11. Dblade July 28, 2010 / 10:32 pm

    You can’t be positive about changes you think are bad ideas. It’s also hard to squee over new MMOs because we are in the middle of a bad time of them, and a lot of us were sold hype on things which didn’t deserve it.

    At best, all you can say is “maybe it wont be so bad.” That’s not being passionate about it for good.

    It’s not a zero sum game, but all of us differing players are connected. You like F2P, but if it becomes mainstream it’s probably going to screw over a gamer like me because that’s on who they make money on. That’s what makes it hard for all to be positive too. There isn’t the connectedness for something like offline games and movies. You liking red dead redemption doesn’t hurt my liking of JRPGS.

    Those are some of the reasons why you see a lot of negativity. I don’t think a lot of us want to be negative, but you can’t close your eyes and wish that things will be well.

  12. Rog July 29, 2010 / 5:39 am

    I honestly feel that the biggest problem with the games industry, for awhile now has been this:

    Too many have been taking advantage of the people who LOVE games. Especially the devs who love making games. They’ve been exploited and when it happens, most of the public won’t stand up for them because there’s this assumption that they have the best jobs in the world. It’s heartbreaking to be honest.

    The second biggest problem is similar, or at least another culture-related issue. It’s the Us vs Them problem:

    It’s not good enough to sell a game, it has to ~beat~ the current top game. And fans take sides. Enjoying a good game isn’t good enough. If your game is decent, that’s not enough, because it’s not the next Halo-beater, or WoW-beater. It’s not just games versus games or consoles versus consoles either, it’s become entrenched in every aspect. Now you can’t agree or disagree with even pricing models without being labelled in some polar / bipartisan fashion.

    I think there’s a lot more at play here within the industry (or business in general) lately than just negativity. There are some serious issues reducing quality, increasing costs and driving a lot of honest enthusiasm into the dirt.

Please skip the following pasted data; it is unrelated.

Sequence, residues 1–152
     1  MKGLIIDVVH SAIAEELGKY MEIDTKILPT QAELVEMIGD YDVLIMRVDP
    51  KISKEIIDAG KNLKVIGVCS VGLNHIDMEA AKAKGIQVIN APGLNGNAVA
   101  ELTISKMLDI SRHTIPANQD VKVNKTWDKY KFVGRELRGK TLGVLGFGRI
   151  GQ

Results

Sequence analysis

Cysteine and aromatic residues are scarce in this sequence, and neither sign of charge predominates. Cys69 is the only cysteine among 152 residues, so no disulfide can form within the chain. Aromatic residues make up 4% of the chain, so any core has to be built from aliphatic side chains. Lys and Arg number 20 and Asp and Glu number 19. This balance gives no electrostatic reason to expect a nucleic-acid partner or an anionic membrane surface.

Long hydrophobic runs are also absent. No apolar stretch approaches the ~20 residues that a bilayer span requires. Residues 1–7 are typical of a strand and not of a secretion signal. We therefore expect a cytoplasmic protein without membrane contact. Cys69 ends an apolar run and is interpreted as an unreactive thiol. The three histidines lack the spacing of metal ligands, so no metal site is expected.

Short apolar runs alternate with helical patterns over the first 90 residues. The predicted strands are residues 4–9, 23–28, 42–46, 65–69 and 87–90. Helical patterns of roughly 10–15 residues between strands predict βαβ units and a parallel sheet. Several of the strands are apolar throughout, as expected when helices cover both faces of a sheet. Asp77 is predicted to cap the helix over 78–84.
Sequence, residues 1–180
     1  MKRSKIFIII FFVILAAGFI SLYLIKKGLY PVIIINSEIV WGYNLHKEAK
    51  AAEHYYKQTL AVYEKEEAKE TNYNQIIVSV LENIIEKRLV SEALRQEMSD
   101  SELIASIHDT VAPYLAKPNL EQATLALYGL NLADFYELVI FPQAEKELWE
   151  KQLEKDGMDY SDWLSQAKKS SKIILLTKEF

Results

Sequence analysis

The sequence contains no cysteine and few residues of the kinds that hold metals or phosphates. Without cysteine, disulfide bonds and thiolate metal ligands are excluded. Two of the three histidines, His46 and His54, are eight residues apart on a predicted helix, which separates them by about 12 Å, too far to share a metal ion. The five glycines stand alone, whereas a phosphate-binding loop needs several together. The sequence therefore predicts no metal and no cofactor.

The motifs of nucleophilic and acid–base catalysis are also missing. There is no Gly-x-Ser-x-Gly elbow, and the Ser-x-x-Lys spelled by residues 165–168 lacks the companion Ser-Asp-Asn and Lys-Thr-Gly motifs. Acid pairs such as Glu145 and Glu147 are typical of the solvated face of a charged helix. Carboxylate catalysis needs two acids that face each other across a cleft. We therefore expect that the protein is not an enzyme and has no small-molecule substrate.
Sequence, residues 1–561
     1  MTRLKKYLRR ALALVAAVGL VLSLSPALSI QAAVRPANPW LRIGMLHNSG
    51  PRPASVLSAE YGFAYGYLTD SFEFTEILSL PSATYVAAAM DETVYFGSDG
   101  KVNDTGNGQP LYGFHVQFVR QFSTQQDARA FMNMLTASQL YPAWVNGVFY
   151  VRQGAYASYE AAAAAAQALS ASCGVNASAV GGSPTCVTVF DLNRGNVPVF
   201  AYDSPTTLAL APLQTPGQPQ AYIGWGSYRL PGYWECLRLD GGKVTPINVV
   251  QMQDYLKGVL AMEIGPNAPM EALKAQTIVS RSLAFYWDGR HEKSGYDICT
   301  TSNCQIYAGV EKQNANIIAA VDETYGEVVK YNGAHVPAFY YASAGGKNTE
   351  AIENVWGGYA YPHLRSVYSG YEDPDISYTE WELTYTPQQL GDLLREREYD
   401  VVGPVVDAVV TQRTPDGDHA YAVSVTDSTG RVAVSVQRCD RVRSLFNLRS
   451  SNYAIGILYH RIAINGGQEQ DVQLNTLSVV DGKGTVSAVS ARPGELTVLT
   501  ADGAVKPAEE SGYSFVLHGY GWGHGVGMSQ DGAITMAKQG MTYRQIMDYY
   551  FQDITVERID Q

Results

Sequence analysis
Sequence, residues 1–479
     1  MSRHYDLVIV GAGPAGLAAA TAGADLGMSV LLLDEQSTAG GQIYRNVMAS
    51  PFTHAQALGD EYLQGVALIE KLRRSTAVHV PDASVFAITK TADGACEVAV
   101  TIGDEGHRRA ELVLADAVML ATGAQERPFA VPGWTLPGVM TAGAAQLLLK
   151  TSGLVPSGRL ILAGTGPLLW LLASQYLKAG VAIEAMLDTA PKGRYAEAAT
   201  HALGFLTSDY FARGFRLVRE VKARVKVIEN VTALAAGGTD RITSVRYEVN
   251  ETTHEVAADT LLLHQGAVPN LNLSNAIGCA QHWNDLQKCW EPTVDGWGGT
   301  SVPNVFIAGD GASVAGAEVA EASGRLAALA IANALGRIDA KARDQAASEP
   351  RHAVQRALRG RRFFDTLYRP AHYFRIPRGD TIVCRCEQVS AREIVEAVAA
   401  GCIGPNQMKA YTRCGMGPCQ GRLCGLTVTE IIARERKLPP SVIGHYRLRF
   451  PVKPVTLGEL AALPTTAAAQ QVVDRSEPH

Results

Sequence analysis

The good news is it doesn’t have to be this way. Passion doesn’t need to be exploited and wins for some doesn’t need to push losses for others. Gaming culture is at the forefront of our culture overall, I honestly believe that. We can help change things.

  13. Youri July 29, 2010 / 7:16 am

    Hey Syp,

    I have been following your blog Daily for the last year. I love to read what you write.

    Your passion for writing and gaming shows. Because of you I gave Lotro another chance and thank you for it.

    It may be the first time I reply but I am part of your silent crowd of supporters.

    Regards,

  14. chaosmos July 29, 2010 / 8:38 am

    I believe gaming has a serious side, but overall it should be *fun*. If I find myself losing sight of the fun, it’s time to make a change – take a break, find a new hobby, or switch up the games I’m playing. There is enough stress and negativity in the rest of my life, why should I let my passion for gaming get infected with it too?

  15. Syp July 29, 2010 / 8:42 am

    Thanks for the responses, encouragement and thoughtful insights, everyone!

  16. biophazer242 July 29, 2010 / 9:03 am

    I think the comment about ‘growing old sucks’ is similar to what I feel about alot of people in the community I interact with. So many people have the ‘get of my lawn you damn kids’ or ‘when I was young we had real music not this music you have today’ mindset. People seem to want to compare things to games of the past rather then just look at the game as its own product. How often do we see a comment about ‘the next UO’ or it will never be as good as SWG preNE. I think most writers on the blogs I enjoy reading try to be more open about new games and less negative in general. Not to say Massively does not put up an article saying a game has issues, but I see less posts saying this game sucks and will fail in a month, that seems to be the players more often these days.